Some Butler County police officers change roles during coronavirus shutdown

The coronavirus pandemic has shut down schools and dwindled court dockets creating new roles for some law enforcement officers.

Middletown’s three school resource officers typically would be patrolling the hallways until students went on summer break. But with no school, they’re back in cruisers.

“It is a blessing to have extra bodies here,” said Middletown Police Chief David Birk.

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The chief has assigned a couple of officers to field calls at the police department.

“They are trying to stream as many calls as they can that come through for reports that can be handled over the phone. They can screen them and handle a lot of calls from the desk instead of sending an officer. Helps us reduce the call volume for my patrol officers and increase safety of our officers,” Birk said, adding the practice is just during the quarantine.

Calls like prior thefts and phone harassment can be handled by the officers at the office.

“We want to make sure officers are going out on calls that are felony cases and people are in danger,” Birk said.

Hamilton police school resource officers and a portion of court security staff for Hamilton Municipal Court have been reassigned to supplement front line patrol operations, according to Chief Craig Bucheit.

“The addition of SROs and court security personnel has helped fill previously existing vacancies due to retirement and injuries,” he said. “These additional personnel also help offset delays in the hiring process such as the temporary closure of local police academies and the cancellation of entry level testing location sites.”

Butler County Sheriff’s deputies assigned as school resource officers are paid by the district and many are part time or retired officers, said Sheriff’s Office Chief Deputy Anthony Dwyer. He added, depending on the school district, some are still on the job doing other duties even with school not in session.

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“We have reassigned some court security and transport services deputies because there has been a large reduction in court dockets,” Dwyer said.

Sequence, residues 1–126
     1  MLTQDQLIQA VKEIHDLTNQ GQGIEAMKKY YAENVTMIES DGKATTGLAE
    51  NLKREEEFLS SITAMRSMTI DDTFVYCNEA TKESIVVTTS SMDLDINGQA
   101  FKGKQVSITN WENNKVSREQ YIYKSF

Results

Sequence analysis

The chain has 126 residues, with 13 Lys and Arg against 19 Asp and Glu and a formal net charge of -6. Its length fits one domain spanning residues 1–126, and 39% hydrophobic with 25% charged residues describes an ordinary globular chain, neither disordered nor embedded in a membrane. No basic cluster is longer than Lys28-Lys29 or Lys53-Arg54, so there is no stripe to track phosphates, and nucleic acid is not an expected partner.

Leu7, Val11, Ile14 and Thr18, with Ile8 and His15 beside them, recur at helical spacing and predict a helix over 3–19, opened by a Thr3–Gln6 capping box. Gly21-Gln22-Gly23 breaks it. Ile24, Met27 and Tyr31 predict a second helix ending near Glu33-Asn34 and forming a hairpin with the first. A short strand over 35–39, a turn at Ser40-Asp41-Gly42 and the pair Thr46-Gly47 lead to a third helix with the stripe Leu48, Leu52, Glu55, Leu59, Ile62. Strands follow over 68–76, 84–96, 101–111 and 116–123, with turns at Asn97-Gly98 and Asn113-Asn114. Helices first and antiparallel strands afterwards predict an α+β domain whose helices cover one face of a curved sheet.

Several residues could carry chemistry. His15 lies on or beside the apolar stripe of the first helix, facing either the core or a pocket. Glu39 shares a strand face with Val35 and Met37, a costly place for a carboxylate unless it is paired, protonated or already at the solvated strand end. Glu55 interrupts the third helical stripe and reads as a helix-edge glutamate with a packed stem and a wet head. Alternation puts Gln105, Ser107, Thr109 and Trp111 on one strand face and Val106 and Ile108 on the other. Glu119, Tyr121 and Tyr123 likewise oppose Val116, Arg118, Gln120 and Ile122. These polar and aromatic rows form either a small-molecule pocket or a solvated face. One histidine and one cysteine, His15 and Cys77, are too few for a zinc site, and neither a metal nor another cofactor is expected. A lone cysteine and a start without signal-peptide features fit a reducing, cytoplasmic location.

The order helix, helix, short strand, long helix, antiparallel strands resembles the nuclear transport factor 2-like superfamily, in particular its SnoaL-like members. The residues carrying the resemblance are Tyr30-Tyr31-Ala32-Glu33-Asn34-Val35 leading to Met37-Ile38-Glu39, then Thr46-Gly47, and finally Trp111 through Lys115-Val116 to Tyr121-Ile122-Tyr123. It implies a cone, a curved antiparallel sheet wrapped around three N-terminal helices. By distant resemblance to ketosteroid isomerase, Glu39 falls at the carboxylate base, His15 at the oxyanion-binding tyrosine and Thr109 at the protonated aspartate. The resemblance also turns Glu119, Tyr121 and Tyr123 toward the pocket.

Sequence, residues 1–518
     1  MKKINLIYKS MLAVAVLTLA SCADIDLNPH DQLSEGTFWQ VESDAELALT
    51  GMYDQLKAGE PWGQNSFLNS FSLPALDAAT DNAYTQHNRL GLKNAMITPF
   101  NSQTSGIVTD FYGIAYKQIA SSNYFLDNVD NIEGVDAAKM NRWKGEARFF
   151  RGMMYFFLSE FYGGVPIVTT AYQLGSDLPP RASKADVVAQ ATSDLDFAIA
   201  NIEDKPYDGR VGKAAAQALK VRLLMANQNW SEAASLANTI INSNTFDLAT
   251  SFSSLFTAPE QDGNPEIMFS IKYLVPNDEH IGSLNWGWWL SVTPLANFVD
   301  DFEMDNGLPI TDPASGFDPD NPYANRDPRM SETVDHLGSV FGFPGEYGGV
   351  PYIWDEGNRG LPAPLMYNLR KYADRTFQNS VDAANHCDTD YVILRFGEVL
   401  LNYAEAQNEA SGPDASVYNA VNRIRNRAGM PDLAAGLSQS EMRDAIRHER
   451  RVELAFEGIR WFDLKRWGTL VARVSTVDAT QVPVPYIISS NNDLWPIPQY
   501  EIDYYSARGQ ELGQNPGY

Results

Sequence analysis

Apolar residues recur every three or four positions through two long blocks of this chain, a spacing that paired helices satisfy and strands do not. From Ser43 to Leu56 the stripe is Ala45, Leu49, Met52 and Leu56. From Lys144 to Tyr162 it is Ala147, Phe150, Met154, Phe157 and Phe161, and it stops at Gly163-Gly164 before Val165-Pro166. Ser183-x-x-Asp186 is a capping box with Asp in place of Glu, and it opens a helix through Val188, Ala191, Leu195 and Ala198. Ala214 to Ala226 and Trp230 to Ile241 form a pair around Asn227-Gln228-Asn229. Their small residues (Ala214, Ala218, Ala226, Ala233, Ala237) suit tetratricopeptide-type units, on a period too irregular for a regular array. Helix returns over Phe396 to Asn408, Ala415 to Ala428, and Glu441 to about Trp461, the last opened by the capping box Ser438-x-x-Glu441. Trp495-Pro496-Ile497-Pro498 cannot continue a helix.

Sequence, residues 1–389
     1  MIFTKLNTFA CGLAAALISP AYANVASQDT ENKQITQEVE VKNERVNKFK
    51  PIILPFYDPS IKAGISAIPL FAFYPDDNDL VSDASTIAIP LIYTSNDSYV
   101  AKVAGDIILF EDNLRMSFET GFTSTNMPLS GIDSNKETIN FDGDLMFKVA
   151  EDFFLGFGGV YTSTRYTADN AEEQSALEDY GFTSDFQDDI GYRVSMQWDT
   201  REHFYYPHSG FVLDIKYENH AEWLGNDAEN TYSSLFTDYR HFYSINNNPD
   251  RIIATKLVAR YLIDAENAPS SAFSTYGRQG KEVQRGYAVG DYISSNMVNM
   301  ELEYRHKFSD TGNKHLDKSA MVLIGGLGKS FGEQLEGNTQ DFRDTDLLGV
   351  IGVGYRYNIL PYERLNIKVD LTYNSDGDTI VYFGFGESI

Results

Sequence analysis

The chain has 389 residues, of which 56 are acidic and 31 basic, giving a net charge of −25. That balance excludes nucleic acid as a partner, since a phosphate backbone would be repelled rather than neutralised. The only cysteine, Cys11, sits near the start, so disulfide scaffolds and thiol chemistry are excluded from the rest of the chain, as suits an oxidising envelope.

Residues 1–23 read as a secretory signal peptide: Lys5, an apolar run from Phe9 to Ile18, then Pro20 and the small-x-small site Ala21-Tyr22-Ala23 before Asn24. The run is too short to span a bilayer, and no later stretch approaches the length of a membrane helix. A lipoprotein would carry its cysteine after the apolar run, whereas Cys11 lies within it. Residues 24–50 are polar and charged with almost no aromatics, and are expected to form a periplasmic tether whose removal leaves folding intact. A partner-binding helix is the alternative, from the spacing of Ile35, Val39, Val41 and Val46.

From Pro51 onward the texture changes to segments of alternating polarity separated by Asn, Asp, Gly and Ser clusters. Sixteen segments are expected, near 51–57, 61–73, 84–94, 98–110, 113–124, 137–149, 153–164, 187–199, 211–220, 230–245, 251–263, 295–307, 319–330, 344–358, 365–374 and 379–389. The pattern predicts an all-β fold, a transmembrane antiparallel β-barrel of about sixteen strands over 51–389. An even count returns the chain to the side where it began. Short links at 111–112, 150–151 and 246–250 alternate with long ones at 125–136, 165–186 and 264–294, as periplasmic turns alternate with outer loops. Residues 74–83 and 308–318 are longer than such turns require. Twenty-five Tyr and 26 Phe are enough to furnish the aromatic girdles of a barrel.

Deputies are responsible for transport of jail inmates to court hearings in common pleas and the three area courts. And a staff of deputies oversee security in the court wing of Government Services Center.

“They are helping in the jail and have been assigned to different divisions. We have projects that sometimes fall behind, like data input and upkeep, so we have assigned them to get caught up,” Dwyer said.

He said having the additional personnel has allowed some employees to take time off the care for family members or rotate vacation schedules. But Dwyer predicts everyone will be busy once the stay at home order is lifted.

“It is all going to come roaring back in spades,” Dwyer said.

In Liberty Twp., nine school sheriff’s school resource officers assigned to the Lakota school district are still on the job.

They are helping out with the food distribution as well as security reviews, said Betsy Fuller, district spokeswoman.

“Our child nutrition department is running the meal program and our school resource officers from the Butler County Sheriff’s Office have jumped on board to help,” she said. “They assist in the distribution of meals at our 11 locations and have also been known to help package the breakfasts and lunches we provide. Our school resource officers are valuable members of our staff who build relationships with our students. They are not only helping with the delivery of the meals, but are also able to use this as an opportunity to say hello to students from the schools they serve. When they are not helping out with our meal program they are reviewing our security plans and protocols, as well as doing home checks for students when needed.”

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